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Former Marine’s Epic Solo Antarctica Challenge


A former Royal, based in the South-West, is preparing to ski, walk and crawl his way across Antarctica. Ex-Royal Marine Barry Gray will attempt the incredible 1,800-mile trek next year, aiming to become the first person to cross via the South Pole, unsupported.

Barry is a former Royal Marines Commando, Regimental Sergeant Major who served for 26 years. The 43-year-old is in an ideal position for the trek, as he was formally the Chief Instructor of the Royal Marines Mountain Leaders, a small team who are experts in arctic survival, operations and mountaineering.

Barry will face temperatures below minus 40C as he battles through the windiest place on the planet, pulling everything he needs behind him on a 200KG pulk (sledge).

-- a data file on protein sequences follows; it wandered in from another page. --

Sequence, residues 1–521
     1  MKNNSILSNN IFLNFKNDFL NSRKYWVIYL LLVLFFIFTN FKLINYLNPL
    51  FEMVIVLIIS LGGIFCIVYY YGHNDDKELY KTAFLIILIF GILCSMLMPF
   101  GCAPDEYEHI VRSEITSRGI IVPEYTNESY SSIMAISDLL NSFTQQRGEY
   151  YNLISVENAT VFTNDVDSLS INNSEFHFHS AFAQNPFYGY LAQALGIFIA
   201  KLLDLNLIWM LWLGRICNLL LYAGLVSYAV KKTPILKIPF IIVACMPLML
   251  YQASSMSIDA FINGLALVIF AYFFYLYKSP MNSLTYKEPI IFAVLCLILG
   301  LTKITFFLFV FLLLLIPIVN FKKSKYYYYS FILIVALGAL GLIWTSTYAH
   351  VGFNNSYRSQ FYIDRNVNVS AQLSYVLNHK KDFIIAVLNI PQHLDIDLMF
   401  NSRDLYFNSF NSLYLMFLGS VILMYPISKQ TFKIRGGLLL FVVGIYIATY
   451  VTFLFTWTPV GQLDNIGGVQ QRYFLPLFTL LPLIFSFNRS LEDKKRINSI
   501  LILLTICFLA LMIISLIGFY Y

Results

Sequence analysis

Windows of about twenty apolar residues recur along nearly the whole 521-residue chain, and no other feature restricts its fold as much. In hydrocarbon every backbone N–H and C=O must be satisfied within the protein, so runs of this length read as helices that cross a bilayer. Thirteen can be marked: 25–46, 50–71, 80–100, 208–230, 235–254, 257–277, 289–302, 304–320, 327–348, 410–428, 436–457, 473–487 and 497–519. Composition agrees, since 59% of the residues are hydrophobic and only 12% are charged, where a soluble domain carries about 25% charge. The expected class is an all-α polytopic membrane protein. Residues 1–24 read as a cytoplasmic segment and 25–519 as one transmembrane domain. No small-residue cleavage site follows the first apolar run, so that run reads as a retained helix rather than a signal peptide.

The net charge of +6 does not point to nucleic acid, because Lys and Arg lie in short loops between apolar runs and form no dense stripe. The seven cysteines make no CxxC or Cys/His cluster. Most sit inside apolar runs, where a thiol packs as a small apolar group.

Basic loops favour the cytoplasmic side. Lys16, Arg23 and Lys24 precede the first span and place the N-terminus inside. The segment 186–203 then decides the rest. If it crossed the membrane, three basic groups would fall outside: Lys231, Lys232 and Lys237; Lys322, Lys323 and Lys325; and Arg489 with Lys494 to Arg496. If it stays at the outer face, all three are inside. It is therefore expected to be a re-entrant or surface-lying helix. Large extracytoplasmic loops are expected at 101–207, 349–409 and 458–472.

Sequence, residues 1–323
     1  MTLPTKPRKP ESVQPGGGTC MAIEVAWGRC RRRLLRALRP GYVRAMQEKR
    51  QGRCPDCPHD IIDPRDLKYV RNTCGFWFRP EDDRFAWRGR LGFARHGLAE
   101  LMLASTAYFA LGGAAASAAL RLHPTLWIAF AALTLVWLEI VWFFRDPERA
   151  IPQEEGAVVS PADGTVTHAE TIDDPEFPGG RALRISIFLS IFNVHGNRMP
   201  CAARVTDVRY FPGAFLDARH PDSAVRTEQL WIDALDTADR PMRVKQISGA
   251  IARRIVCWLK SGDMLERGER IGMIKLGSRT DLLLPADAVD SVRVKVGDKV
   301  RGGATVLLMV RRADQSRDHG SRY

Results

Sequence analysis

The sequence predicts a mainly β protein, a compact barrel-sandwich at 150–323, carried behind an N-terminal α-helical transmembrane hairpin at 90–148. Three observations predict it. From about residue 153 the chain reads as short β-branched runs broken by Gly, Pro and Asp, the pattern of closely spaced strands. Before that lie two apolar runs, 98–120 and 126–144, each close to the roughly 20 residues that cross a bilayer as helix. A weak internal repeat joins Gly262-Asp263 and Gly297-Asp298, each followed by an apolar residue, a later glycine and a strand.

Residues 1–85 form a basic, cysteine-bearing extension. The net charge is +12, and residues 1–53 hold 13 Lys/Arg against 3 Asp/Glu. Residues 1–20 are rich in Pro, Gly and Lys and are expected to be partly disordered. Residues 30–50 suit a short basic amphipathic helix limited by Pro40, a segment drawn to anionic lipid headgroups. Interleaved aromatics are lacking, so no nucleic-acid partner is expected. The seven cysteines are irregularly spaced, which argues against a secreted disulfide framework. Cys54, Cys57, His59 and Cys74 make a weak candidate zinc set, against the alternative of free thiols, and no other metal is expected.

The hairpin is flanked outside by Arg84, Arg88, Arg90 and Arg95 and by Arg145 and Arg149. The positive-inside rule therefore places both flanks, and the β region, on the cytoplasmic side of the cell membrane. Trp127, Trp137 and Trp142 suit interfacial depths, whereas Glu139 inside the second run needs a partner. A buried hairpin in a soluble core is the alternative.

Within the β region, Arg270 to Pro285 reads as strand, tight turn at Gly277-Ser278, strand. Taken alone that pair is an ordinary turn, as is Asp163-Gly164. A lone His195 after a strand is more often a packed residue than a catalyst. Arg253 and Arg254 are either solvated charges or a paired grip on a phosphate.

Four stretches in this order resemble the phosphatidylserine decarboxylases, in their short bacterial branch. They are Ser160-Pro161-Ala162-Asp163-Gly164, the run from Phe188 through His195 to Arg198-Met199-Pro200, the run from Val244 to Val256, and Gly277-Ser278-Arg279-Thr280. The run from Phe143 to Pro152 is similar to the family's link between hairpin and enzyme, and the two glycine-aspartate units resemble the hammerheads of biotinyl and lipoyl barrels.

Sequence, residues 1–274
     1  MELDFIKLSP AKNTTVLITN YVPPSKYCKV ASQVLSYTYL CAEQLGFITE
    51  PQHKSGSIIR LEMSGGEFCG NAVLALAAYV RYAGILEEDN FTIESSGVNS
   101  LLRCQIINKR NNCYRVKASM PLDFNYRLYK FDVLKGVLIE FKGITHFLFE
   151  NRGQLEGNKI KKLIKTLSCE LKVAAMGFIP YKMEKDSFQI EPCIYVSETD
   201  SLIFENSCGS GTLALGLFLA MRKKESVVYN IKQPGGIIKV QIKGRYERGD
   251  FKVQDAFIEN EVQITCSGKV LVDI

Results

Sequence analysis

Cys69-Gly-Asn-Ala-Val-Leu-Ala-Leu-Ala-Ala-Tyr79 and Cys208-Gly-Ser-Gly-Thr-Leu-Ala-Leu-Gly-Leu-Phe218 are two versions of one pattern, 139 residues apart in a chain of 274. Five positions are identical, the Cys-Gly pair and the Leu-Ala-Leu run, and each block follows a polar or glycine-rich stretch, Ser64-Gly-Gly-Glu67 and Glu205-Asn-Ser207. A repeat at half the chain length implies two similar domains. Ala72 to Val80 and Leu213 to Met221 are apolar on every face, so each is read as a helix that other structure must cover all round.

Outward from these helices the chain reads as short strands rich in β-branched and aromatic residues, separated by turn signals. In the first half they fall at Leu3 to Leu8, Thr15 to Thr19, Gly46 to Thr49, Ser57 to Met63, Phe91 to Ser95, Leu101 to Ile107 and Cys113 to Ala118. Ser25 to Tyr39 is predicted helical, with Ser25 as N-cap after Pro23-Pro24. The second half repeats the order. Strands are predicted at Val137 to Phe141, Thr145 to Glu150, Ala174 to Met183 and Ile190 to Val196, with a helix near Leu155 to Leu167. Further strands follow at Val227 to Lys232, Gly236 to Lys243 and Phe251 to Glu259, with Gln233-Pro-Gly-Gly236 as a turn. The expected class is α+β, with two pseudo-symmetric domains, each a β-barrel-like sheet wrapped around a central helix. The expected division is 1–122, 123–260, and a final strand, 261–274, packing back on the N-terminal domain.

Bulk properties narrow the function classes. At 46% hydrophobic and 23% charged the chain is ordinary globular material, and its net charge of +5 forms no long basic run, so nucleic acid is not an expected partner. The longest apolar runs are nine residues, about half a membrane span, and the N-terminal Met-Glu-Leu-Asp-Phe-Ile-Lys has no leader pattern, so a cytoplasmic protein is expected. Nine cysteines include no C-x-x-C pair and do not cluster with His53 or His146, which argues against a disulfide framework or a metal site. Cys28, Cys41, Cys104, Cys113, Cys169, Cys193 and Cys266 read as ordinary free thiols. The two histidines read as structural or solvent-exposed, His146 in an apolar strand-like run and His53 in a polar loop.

"We would all still be sitting in caves if people did not want to explore and try to achieve new things," he said. "This is probably the toughest expedition that there is still left to complete in the world."

Barry Gray


Here are some of the incredible records Barry aims to break along the way:

•    First ever Solo, Unsupported and Unassisted crossing of the Antarctic Continent

•    Full coast to coast crossing via the South Pole, including the permanent ice

•    Longest ever Solo, Unsupported and Unassisted journey in Antarctica

•    1800 miles in a target time of 100 days during the Antarctic summer of 2018 – 2019

•    No resupply or use of kites

•    First Solo, Unsupported trek from McMurdo Sound to the South Pole via the Shackleton Glacier

As well as the challenge being a personal ambition for Baz, the challenge also has the key role of raising awareness of climate change and the effects on the planet. Therefore, one of the key objectives of Challenge Antarctica is to feedback key data and knowledge about the Antarctic Continent.

The project is to be formally launched at the Beehive in Honiton on October 26th. Find out more about the quite brilliant Challenge Antarctica here